hurt. While it sounds perfectly in character for Rowe to want to protect Colin,
and he similarly instructed Miller to handle him tenderly in the Saratoga
Special, the way Notter rode him actually made it
harder. For a kind but clever horse who would not
unduly exert himself unless asked, was it really Colin's idea to open up
daylight on the field in the early and middle going of the longest race of his
life? Rather, it would have made more sense to employ the tactics used against
Uncle, to allow him to lope with the pack and then call upon him for maximum
effort at the right time. Instead, he was wrung out and understandably tiring
just as the race neared its climax. Considering that spectators skewered
Notter for overriding the colt early in the Withers,
is it too much to imagine that he may well have done the same in the
About three weeks later, Colin faced the starter for what turned out to be
the final time in the Tidal S. at
With racing in
Entering stud in
Colin sired only 81 foals in the course of 23 seasons at stud, but a remarkable 14 percent of them were stakes winners. One of those was Neddie, the paternal grandsire of the mighty Alsab, subject of our Historical Cameo for the Preakness. Alsab's best son, Armageddon, was actually inbred 4 x 4 to Colin. Another of Colin's stakes winners was On Watch, who figures as the broodmare sire of 1945 champion handicap horse Stymie. Stymie's dam was herself inbred 2 x 4 to Colin. Slow and Easy, a daughter of Colin, produced Easy Lass, named Broodmare of the Year for producing Coaltown, better known to posterity as Citation's stablemate but voted Horse of the Year in two of three polls in 1949, as well as that year's co-champion three-year-old filly Wistful.
Two other daughters of Colin appear deep in the maternal line of two potent families. Colin's daughter Herd Girl produced 1935 champion handicap mare Late Date, herself the ancestress of 1982 Broodmare of the Year Best in Show, whose descendants include champions El Gran Senor, Try My Best, Spinning World, Xaar and Aldebaran. Belmont contender Jazil (Seeking the Gold) traces to this same family. Irish champion Grey Swallow (Ire) (Daylami [Ire]) hails from another branch of Late Date's family, and he too will be in action on Belmont day in the Manhattan H. (G1). Another daughter of Colin, Comixa, is the ancestress of Golden Trail, whose female descendants have produced the likes of elite stallion Dynaformer, champions Sunshine Forever and Ryafan, and multiple Grade 1 winners Brian's Time and Memories of Silver.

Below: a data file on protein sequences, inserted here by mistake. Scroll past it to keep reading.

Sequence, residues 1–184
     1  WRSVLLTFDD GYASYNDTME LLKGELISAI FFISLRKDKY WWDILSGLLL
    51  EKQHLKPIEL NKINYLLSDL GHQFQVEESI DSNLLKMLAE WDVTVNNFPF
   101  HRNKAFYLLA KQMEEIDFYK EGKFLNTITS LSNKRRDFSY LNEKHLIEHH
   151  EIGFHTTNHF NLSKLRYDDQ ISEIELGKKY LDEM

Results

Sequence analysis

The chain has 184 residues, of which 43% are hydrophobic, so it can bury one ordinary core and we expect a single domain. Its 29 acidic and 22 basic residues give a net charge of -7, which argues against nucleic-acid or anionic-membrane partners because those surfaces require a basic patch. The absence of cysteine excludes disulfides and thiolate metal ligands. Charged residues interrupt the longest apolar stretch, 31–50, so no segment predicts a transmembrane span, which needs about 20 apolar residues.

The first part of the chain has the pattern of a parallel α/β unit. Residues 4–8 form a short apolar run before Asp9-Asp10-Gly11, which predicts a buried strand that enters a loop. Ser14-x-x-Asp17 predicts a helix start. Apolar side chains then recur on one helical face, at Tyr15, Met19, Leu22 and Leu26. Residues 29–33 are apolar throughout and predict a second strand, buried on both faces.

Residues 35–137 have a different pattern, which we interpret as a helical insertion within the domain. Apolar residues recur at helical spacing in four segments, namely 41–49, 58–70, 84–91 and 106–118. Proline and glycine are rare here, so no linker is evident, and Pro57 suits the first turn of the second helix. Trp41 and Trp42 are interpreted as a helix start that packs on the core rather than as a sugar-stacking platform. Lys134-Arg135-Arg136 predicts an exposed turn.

Colin has an indirect connection to champion sprinter Lost in the Fog (Lost Soldier), who had his own unbeaten streak going for quite some time. Lost in the Fog's female line traces to Colin's dam, Pastorella.
As Lost in the Fog's odyssey illustrates, it is desperately hard to preserve the exalted status of unbeaten. After Colin, 80 years passed before another major performer retired perfect, the glorious Personal Ensign, who like Colin, displayed inordinate courage in the mud.
With the passage of time, Colin's achievements have receded from popular memory, but in the opinion of the most savvy horsemen and judges before the era of Secretariat, he ranked in America's top four, along with Man o' War, Citation and Keene's other wonder, Sysonby.
Each of those had tasted defeat, as would Secretariat and other truly great individuals. As Kent Hollingsworth wrote in The Great Ones, "Great horses have been beaten by mischance, racing luck, injury and lesser horses running the race of their lives. None of these, however, took Colin. He was unbeatable."
Rowe deserves the final word. Although he developed Sysonby and a galaxy of other champions, Rowe wanted his epitaph to read, "He trained Colin."